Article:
The all-new Rolls-Royce Phantom arrives next year promising ride comfort and interior luxury of an unprecedented quality, as well as a greatly improved driving experience.
Unveiled in London, the eighth-generation Phantom is the second to be built under BMW ownership and has been completely redesigned and reengineered from the ground up. It has been in development for six years and is the first in a series of all-new Rolls-Royces built on a bespoke aluminium spaceframe architecture.
In 2019 the Phantom will be followed by the luxury car maker’s first SUV, codenamed Project Cullinan, while replacements for the rest of the range will be built on the same underpinnings as part of the ever greater autonomy Rolls is receiving from BMW.
It is the Phantom that comes first for the new era of Rolls, with company boss Torsten Müller-Ötvös calling the fourdoor saloon “the pinnacle” of Rolls-Royce, the ultimate expression of the Rolls-Royce brand and the very top of the range, despite the growing popularity of SUVs.
“We start from the pinnacle, that is never different,” he said. “The first task is to get this car perfect, then Cullinan, then future models as well.”
Rolls engineering chief Philip Koehn said the new architecture, called Architecture of Luxury, and the technology within it helps to create an “unprecedented blend” of ride comfort and stability. Power comes from a twin-turbocharged 6.75-litre V12 engine, while the car’s design is one of “effortless elegance”, according to styling boss Giles Taylor.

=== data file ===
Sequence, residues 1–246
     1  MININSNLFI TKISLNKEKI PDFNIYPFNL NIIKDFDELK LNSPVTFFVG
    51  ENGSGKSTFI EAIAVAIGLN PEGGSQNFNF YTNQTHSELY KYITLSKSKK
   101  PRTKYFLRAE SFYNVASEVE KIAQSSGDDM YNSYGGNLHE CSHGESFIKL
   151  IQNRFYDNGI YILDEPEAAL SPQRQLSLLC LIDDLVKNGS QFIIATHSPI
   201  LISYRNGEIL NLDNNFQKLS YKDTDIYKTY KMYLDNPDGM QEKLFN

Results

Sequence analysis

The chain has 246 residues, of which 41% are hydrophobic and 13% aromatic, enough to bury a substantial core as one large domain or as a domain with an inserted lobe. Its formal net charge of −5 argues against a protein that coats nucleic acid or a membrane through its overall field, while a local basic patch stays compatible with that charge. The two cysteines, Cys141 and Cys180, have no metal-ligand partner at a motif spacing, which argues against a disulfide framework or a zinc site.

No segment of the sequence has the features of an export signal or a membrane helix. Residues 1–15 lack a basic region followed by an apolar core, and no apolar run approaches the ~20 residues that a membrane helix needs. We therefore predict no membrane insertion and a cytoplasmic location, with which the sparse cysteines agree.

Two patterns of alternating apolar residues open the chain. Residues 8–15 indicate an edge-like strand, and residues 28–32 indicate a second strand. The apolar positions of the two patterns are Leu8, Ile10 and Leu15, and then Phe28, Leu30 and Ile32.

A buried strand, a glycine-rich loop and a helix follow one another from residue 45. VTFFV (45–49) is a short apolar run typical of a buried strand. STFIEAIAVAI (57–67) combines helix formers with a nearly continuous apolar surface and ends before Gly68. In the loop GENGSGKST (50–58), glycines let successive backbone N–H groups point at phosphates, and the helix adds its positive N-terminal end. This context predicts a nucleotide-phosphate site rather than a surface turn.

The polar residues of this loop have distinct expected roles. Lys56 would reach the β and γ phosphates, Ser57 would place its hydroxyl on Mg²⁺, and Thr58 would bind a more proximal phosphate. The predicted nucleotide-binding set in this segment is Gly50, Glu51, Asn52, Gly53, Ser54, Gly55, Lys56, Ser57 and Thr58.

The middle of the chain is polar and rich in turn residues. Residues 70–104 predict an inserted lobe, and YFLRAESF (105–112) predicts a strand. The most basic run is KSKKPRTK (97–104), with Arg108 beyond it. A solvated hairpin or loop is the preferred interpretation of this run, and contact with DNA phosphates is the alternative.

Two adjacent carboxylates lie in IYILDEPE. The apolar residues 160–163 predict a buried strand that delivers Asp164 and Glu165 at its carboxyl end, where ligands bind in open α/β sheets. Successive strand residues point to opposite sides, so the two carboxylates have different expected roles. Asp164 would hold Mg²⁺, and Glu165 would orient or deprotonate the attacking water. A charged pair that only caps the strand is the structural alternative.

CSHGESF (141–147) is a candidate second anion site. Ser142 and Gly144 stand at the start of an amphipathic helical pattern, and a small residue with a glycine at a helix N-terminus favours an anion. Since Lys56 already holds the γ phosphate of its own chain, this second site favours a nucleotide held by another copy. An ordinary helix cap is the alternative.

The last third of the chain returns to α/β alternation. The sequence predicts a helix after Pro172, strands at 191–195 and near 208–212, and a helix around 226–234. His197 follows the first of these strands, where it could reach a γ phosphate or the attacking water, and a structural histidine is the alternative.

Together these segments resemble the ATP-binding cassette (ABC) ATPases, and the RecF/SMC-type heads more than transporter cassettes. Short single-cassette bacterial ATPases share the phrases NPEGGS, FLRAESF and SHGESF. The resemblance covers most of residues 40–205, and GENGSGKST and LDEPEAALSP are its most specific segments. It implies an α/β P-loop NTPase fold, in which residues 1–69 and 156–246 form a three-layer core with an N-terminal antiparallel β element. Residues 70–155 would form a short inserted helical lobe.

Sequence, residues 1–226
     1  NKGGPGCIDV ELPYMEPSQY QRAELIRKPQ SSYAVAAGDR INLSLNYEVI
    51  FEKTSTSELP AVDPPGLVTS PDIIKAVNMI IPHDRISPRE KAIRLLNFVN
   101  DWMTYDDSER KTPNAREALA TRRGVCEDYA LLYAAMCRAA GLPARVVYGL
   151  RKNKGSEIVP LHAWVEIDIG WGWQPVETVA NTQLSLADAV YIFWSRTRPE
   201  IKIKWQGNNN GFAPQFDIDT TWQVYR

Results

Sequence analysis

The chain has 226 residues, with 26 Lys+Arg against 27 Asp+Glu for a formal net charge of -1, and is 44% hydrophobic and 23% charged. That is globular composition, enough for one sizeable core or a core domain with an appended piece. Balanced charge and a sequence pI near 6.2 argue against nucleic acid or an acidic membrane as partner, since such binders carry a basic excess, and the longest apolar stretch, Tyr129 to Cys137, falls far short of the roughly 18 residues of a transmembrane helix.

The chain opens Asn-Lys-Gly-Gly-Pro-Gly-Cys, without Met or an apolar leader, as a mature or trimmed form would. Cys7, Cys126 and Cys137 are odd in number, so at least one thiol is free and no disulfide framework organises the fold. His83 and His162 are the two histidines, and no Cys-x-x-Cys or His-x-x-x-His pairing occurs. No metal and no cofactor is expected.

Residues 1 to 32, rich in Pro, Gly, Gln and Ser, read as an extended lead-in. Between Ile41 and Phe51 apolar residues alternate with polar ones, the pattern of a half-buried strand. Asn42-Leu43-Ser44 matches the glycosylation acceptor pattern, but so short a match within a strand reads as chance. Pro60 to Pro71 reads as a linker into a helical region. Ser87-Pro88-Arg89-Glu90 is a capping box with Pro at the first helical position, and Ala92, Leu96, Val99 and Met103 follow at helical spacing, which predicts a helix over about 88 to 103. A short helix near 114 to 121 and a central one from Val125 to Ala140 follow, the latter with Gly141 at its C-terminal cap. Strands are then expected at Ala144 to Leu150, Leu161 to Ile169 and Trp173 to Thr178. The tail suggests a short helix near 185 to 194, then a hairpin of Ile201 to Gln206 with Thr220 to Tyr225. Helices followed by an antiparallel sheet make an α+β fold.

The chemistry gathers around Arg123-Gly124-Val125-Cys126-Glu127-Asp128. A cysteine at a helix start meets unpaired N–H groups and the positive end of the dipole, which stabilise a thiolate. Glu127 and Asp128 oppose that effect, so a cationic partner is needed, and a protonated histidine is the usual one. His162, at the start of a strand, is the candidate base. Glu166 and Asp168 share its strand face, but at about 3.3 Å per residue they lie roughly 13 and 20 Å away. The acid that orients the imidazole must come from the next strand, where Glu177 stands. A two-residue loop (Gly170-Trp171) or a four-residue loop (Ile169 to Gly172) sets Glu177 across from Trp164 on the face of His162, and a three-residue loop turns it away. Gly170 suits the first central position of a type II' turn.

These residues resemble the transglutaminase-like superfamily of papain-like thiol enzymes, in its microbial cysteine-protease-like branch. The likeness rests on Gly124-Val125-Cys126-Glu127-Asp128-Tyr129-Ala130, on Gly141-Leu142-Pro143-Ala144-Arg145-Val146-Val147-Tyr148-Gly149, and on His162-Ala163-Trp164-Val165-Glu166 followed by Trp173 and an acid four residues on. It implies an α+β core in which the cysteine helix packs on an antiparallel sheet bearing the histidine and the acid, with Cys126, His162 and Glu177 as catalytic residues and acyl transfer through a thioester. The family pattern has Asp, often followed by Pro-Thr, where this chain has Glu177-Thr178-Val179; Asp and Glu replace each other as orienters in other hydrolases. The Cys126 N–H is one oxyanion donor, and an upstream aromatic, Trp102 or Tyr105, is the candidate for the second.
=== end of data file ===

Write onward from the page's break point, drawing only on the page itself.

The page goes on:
The all-new aluminium spaceframe used by the new Phantom results in a significant 30% increase in rigidity over that of the previous car. Rolls-Royce says the body is the stiffest in production, and it has required a huge investment in new technology for riveting and spot welding in order for it to build it. The architecture is one that is bespoke to Rolls and has no BMW content.
The architecture is also much lighter than the outgoing car's, although the Phantom’s kerb weight increases from 2550kg to 2625kg due to the vast amount of new technology added to the four-door.
There are new front and rear axle designs and air suspension with greatly improved travel at each corner. Double wishbones are used up front, with a multilink axle at the rear. Koehn said the ‘magic carpet’ ride “has been taken to the next level” thanks to these new designs and the stiffer body-in-white.